Farm Girl

I grew up on a farm in Remington. [Cue “Out Of Africa” Music]
There was a dad, a mom, and five kids. A medium sized family by standards of the 50’s and 60’s.
Not to say kids these days aren’t, but we were happy. Our happiness centered on a strong faith, a healthy work ethic, and memories made during church, school, farming, and family times.
A typical day consisted of kid appropriate chores, playing outside, maybe a bike ride into the library, laying pennies on the railroad tracks, chasing fireflies, minimal homework, a smattering of basketball and baseball games, and church on Sunday morning.
Meals were three times a day, if not four. Always a hot breakfast, dinner at noon, bologna sandwiches or Woody’s snack shop after school, followed by a farm supper when dad came in from the field. We set the table, kept our elbows off the table, asked to be excused from the table, cleared the table, and laid it all out on the table.
In the spring, we picked up rocks and sowed the seed in cabless tractors.  In the summer, we pulled weeds, and detassled in our swimming suit tops and jeans. Our backs received the perfect tan while our legs remained milky white. In the fall, we hauled grain before we had a driver’s license, while listening to Harry Carey on the transistor radio. In the winter we scoured the want ads and snowmobiled in Michigan.  In the meantime we hung wash on the line, tilled gardens, painted fences, milked cows, pulled corn out of beans, and fell in love with dogs while tolerating cats. The soundtrack of our lives blared WLS from the Plymouth sized hi-fi while we checked off our Saturday lists.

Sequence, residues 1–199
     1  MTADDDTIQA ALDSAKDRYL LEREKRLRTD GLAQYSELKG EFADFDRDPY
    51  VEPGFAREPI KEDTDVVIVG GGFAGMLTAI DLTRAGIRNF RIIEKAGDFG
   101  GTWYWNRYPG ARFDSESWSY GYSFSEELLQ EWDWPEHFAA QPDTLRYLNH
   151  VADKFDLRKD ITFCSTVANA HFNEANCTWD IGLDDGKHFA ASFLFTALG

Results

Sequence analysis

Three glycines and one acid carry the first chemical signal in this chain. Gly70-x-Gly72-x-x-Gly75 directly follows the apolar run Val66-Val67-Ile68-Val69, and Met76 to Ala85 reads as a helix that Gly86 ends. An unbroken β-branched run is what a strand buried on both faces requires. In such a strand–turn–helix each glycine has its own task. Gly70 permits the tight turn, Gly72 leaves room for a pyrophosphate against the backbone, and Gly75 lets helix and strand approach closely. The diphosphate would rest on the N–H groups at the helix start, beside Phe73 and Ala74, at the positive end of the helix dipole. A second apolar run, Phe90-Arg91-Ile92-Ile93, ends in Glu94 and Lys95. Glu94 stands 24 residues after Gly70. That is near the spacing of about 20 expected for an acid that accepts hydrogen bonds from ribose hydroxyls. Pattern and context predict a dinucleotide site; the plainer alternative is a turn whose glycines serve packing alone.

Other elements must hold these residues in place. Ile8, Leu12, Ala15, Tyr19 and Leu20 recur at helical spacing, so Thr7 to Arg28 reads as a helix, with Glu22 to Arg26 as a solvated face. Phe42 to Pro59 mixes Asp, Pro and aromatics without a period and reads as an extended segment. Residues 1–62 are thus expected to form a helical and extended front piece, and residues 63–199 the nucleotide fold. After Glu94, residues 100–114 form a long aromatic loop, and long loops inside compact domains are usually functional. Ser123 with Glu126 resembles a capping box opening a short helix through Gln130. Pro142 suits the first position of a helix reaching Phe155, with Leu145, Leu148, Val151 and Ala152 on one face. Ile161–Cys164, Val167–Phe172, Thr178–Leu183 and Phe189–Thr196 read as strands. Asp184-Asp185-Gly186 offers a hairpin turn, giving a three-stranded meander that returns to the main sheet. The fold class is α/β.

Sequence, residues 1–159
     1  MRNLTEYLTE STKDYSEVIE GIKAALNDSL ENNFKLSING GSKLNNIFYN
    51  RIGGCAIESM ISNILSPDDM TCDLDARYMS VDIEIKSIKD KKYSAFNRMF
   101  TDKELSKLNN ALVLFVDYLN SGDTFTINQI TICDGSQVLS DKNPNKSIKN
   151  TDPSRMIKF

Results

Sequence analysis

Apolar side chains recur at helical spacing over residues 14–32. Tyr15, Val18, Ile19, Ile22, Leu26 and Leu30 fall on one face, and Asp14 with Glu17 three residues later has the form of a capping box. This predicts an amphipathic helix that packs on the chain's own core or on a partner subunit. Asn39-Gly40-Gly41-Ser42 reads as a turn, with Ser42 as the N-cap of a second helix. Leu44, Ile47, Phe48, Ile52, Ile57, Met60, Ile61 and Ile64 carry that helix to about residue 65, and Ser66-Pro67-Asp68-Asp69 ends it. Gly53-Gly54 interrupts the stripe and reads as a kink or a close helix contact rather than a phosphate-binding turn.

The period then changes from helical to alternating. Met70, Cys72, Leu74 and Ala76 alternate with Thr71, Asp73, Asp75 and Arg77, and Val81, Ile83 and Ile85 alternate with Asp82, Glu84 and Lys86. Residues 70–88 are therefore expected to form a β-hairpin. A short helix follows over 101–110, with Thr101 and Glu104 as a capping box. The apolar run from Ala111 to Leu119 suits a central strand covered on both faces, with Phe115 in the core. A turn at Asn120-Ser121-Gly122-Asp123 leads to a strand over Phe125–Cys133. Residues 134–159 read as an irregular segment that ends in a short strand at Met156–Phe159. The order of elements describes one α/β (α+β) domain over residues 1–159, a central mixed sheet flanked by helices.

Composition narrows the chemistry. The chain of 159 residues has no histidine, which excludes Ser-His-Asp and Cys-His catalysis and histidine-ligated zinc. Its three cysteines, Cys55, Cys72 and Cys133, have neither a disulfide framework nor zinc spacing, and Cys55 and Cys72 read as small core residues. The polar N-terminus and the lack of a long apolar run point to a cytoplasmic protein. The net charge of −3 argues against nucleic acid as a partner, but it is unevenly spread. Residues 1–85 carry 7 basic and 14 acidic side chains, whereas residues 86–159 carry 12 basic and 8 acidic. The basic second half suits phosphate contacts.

One by one we grew up and moved away because that is just what kids do when they are from a small town.
In early fall of 1973, I landed in a 10-story dorm room in the heart of downtown Chicago and didn’t sleep for a month.  The siren’s wailed; the street noise was deafening and the stars were missing.
Slowly, the city began to enthrall and entertain me and soon, when I went home for the weekend, laid in my childhood bedroom with it’s slanted walls and familiar constellations out my window; I couldn’t sleep for the quiet.
Then I found the love of my life, moved to Michigan, raised a family---in another house with slanted walls---albeit much smaller. We tried to raise our kids without digging our way too deep into the American Dream Entitlement Myth.  We aimed for eating together every evening and managed to make it about once a week.  We added soccer, drama, choir, and Disneyworld to our family repertoire and realized the good ‘ole days were probably just that, old and over.   Our children would disagree.
A funny thing happened on the way to the forum. One day we finished up a UPS career, married off a couple kids, sent the baby to California, and moved back to the farm.  Now we didn’t actually pack up and sell the house (the economy saw to that), but we hauled our Apple computer, our bikes, and a few family scrapbooks, down here and set up housekeeping in my childhood home.
We’re in our 50’s and it’s been 35 years since my parents threw us a poolside wedding reception and waved as I drove off on the roundabout called the circle of life.
I guess you could call us “Boomerang Kids” (90’s slang for children who move back in with their parents--typically shortly after college) we’re living with the ‘rents (’00 slang for parents).  Well, we’re not actually living “with” them.  They built a one-story cottage and we keep watch from the big house to make sure they haven’t fallen and can’t get up.
I’m writing this from the alcove at the top of farmhouse stairwell.  It is here, where sleepy and timeless rhythms of the night rocked us to sleep. And it was here, beneath branches of trees long gone, where the breezes blew us from the nest and taught us to fly.  The memories remain.
I’ll probably go pick up a pizza in town tonight for dinner, but somehow I smell fried chicken wafting up the stairs.
Everything remains the same, in this quiet town, and yet, not.  The farmer can program a GPS to drive the tractor. iPods dangle around teenage necks and their thumbs do all the talking. Recently, the Cubs where still playing baseball towards the end of harvest season. Family sizes and shapes morphed, but one thing never changes, for me anyway.
Home is where the farm is.

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